Mead Lover's Digest #0864 Wed 15 August 2001


Forum for Discussion of Mead Making and Consuming
Dick Dunn, Digest Janitor



Re: Corny Kegs and SS Steel (
Peach melomel (Jay Swartzfeger)
unsubscribe (
Wedding Story and Yeast Question ("butcher")
Chipotle Mead (Dan McFeeley)
C02 Cheat (Christopher C Carpenter)
Commercial Meadery ("Mark Kingsley") (Yacko)
The Perfect Mead, and other things (Silent Running / Admin)


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Subject: Re: Corny Kegs and SS Steel
Date: Tue, 7 Aug 2001 01:03:55 EDT

Stainless Steel is a pretty inert metal and doesn't react with too many
things. I've stored many beers and meads for long periods of time in SS kegs
with no metallic tastes becoming detectable to me. Kegs are great way to
store meads for aging since they eliminate the oxidation/air problem. They
are also very practical for serving carbonated or sparkling meads. SS is
used by many wineries to ferment and age wine. They wouldn't make their
tanks from the stuff if off tastes were a problem.
Bob Grossman

> Subject: Re: Moving Blues
> From: "Taliesin2" <>
> Date: Mon, 30 Jul 2001 00:39:48 -0400
> > Your best bet would be to transfer the two batches
> > into corney kegs. They're stainless steel and can
> > take the beating that a move may incur. With a
> > kegging system, you can even purge all the air out of
> > the kegs so splashing around won't oxidize it.
> I have issues with is. Every time I hear somebody suggest kegging in a
> metallic carboy, I think of the taste of beer in a aluminum can. It [the
> beer] takes on a small metallic/aluminum taste, which is why I prefer
> bottled beer as opposed to tap or can. Does the mead or beer
> take on the taste of stainless steel as it does with aluminum cans?
> Thoughts?

Subject: Peach melomel
From: Jay Swartzfeger <>
Date: Mon, 6 Aug 2001 22:48:30 -0700

Hi all,

Once I clear up a carboy (I have way too many batches brewing right
now), I plan to do a peach mel. A local store recently had peaches on
sale, so I bought 8#, skinned/pitted them and then froze them.

Anyone have a favorite peach melomel recipe they'd like to share, or any
general peach advice? I've looked on the usual mead recipe sites and
have found a few peach recipes, but nothing significant.

I guess what I'm looking for is info on how to match the peaches with
the mead. Do peaches make the mel overly sweet? Does a particular
variety of honey or yeast match well with peaches? FWIW, I plan on using
those 8# in a 5gal batch, and I'd like to make a dry/crisp sparkling
peach mel, reminiscent of a champagne. Thanks!

Subject: unsubscribe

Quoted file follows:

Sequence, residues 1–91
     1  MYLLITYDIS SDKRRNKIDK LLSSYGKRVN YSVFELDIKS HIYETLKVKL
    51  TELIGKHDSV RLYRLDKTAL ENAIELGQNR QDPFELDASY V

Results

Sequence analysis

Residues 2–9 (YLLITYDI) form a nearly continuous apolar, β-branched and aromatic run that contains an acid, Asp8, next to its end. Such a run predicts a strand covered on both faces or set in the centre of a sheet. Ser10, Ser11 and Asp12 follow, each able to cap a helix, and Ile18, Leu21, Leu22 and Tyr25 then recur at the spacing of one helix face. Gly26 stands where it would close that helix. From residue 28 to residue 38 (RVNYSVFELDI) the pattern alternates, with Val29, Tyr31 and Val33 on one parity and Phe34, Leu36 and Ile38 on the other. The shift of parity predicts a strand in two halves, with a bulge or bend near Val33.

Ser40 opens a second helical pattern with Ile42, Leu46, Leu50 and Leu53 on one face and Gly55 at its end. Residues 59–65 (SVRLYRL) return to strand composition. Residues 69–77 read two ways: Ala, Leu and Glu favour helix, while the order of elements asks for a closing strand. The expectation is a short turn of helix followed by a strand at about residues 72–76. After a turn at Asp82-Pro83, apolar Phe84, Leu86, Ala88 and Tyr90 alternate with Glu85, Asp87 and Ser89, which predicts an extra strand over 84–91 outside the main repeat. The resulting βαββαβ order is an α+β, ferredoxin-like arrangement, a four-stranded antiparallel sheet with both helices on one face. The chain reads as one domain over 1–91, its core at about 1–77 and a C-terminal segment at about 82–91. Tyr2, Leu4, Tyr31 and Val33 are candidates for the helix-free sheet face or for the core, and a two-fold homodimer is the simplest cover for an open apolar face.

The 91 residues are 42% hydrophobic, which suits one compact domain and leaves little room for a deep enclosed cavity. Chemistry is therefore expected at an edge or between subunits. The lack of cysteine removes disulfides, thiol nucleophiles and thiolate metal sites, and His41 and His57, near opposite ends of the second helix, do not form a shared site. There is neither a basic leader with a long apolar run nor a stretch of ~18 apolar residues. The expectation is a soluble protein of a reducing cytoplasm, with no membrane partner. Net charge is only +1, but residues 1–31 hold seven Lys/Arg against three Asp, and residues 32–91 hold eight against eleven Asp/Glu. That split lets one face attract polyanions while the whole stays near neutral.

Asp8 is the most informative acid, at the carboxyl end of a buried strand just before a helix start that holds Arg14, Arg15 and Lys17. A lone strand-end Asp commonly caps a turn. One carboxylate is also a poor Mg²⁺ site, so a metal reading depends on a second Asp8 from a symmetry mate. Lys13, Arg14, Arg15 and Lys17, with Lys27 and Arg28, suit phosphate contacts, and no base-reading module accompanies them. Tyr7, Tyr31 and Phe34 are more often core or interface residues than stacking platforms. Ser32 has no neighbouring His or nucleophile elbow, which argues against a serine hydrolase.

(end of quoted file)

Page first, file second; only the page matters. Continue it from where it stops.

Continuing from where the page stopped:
Date: Tue, 7 Aug 2001 03:24:18 EDT

Subject: Wedding Story and Yeast Question
From: "butcher" <>
Date: Tue, 7 Aug 2001 12:14:25 -0700

Howdy Meaders,

My friend was getting married a few weeks back and since he was gracious
enough to share a few gallons of ginger mead with our wedding, I thought I
would return the favor. So I threw a batch and the yeast failed. So I
tried it again with another strain. Poop, it failed again. Short on time I
grabbed a package of Fleischmans bread yeast. Boom! Whooped it up quick.
Still cruising on the wedding day, I racked it a couple of times and brought
the 5 gallons up in a clean fermentor and gave it to the bartender, told him
it was ginger mead and left.

It was a smaller wedding, less than 60 people I think. The mead only lasted
about 2 hours. The two mini kegs were both almost full, and the cases of
wine were still stacked high. I felt very good, and so did the mead
drinkers! The gingers effect was as pronounced as the alcohol!

Well, enough bragging. I just wanted to know people experience using common
bread yeast. Going over my mead log book, it seems the best meads I have
made have all been bread yeast born. This includes still, sparkling, sweet
and dry.

What have you all learned about making mead with Bread Yeast?



Subject: Chipotle Mead
From: Dan McFeeley <>
Date: Wed, 8 Aug 2001 08:26:37 -0500

Hello all —

I wanted to give a report on one of my latest efforts, a smoked chile pepper
mead which I've given the simple moniker "Chipotle Mead." It turned out
quite well, very nice heat level, smooth with a good balance of honey and
chile pepper. Most people who tried it thought it was good although there
were a few exceptions. My wife Melissa took a sip, gasped and muttered
something about my trying to poison her. *sigh* Some bee nymph.

I'd like to give details of the recipe but that's going to be difficult
since I don't really have one. This was actually a blend of several
different meads since each effort just didn't have the flavor I was